Summary: We will study the life of Abraham and his journey of faith. He is called the Father of Faith, and the Patriarch of Faith of both Jews and the Christians. I believe his life will teach us many things about walking or living with God by faith. He is also ca
Theme: The Call to a Life of Faith
B. This morning we are going to begin a new sermon series, and it’s from the book of Genesis. We will study the life of Abraham and his journey of faith. He is called the Father of Faith, and the Patriarch of Faith of both Jews and the Christians. I believe his life will teach us many things about walking or living with God by faith. He is also called the “Friend of God,” a title that implies intimate relationship. It is my prayer that as we study his life we too would come to live a life of faith and have a closer walk with God.
Please open your Bible to Genesis 11: 27-12: 3. In this passage we will find the call of God to Abraham to a Life of Faith. But actually this is the goal of God for all His children. He is calling everyone of us, as He called Abram, to live a life of faith in Him. This has three major divisions of Abram’s life as he received the call of God to live in faith.
I. THE WRETCHED YEARS (11: 27-30).
1. Abram’s past was one of obscurity and misery. Before God put His spotlight on Abram, he was a mere nobody. He was just another nameless face in the crowd of humanity.
2. He came from Ur of the Chaldees, the very center for sun and moon worship of his time. While the place may have been prosperous, it was known of its perversion. The people there were involved in some of the most miserable forms of idolatry known to mankind. This is the spiritual condition of the place where Abram lived. And most likely, this man was one of these idolaters. Therefore, there was a time that Abraham’s life was one of spiritual misery –a time of darkness, death, and despair.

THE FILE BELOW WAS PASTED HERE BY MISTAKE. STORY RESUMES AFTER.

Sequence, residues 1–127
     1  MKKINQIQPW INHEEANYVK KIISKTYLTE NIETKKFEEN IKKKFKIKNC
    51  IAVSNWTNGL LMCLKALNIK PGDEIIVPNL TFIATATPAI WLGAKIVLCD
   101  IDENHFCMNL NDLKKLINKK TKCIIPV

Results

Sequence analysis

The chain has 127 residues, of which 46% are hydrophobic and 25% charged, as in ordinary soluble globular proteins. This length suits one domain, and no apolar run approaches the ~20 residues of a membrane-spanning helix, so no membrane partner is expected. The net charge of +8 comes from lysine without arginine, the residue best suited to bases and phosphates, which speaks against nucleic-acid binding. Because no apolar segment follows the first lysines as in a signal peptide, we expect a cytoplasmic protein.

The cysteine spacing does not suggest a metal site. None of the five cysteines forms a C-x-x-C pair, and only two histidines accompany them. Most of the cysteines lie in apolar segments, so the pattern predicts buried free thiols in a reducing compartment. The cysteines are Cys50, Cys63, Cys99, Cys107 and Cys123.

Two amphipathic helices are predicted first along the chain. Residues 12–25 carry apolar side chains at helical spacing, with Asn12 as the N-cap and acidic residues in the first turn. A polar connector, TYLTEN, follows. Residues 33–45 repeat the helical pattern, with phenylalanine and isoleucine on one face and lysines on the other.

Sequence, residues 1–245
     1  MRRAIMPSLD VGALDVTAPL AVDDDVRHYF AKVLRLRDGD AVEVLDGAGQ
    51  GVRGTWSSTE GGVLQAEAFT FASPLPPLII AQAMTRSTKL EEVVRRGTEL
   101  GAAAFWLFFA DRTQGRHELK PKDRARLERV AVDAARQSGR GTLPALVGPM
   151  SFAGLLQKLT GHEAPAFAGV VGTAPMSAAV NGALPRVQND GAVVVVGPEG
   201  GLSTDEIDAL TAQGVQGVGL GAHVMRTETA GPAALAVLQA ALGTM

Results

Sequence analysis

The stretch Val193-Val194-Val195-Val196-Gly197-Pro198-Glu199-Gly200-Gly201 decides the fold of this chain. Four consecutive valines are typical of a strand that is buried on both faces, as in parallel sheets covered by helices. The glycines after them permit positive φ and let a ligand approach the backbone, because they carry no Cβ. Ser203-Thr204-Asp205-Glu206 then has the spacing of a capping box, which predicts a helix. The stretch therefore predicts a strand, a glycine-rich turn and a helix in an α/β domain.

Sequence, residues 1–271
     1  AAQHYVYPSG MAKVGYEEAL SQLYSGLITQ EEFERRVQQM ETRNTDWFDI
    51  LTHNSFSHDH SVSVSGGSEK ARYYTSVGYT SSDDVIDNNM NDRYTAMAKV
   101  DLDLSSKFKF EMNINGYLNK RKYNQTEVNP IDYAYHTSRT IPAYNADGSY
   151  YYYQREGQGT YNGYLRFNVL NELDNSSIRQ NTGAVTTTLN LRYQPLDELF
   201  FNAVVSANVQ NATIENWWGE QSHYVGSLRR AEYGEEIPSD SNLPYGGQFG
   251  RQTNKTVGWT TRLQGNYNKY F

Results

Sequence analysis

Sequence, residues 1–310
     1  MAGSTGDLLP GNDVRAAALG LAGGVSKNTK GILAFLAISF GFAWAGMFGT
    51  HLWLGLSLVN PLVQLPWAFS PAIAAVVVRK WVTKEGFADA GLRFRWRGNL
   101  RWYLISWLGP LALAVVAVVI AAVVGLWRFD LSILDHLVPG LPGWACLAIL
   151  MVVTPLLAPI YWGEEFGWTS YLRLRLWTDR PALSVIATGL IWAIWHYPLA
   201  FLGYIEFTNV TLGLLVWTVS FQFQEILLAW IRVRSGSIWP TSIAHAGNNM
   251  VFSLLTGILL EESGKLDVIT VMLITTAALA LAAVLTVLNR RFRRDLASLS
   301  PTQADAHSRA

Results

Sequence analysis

3. But out of this condition that God came and called Abram to live his life in faith. God came to bring him out of his spiritual wretchedness.
4. We are no different with Abraham. We were once in the darkness of sin. But God came to bring us out from sin. Now our heart rejoices to know that God can reach into the blackest heart and turn on the light of His glory and presence. Our lives are living examples of the power of His grace. He took our life that was so insignificant, so barren and hopeless and turned it into one of the greatest examples of the power of faith and grace!
5. The whole point here is: No one is beyond the touch of God! Even Abraham who was once a pagan. Regardless where we came from, or of what burdens we’re carrying now, God is able to come where we are and change us for His glory! He can make us into something that manifests His glory and power.
II. THE WASTED YEARS (11: 31-12: 1).
1. Now the next thing that we can see in the story is when the whole family of Abram went out from Ur and set out for Canaan. This action was Abram’s response to the call of God to depart everything that shaped his paganistic life –his country, his religion, and his relatives.
Though we are not told here how the call of God came to him, but we are told that God spoke to him out of his darkness and brought him into the light to follow a new path of life.
The call of Abraham would raise some questions, which even the Bible is silent why. One example is: Why did God pick this one man, out of all the men of the earth? We can’t answer that. Why does God call me and not my brothers? Why did He call you and not your neighbor? With wonder we sing the song, “Why have you chosen me out of millions your child could be?” We don’t really know the answer. The answer to this question lies within the cloud of God’s sovereignty. But all we can do having been called by God is to rejoice in the fact that we are saved and secure in the blood of the Lamb of God. I praise God for the day He turned the light for my life. I praise God for the day He called me to salvation and liberty.
2. But the nature of Abram’s call was for him to leave, to depart. Yet when he left Ur, he brought with him his father and some relatives. It seems that he compromised by not separating from his family as he has been ordered. He failed to fully submit to the call of God.
Not that he would sever his ties with his relatives, but the purpose of God was that Abraham would be free from any paganistic influence. There is no indication that his relatives put their trust in the Lord as Abraham did. God wanted Abraham to put away anything that would block him from doing the will of God.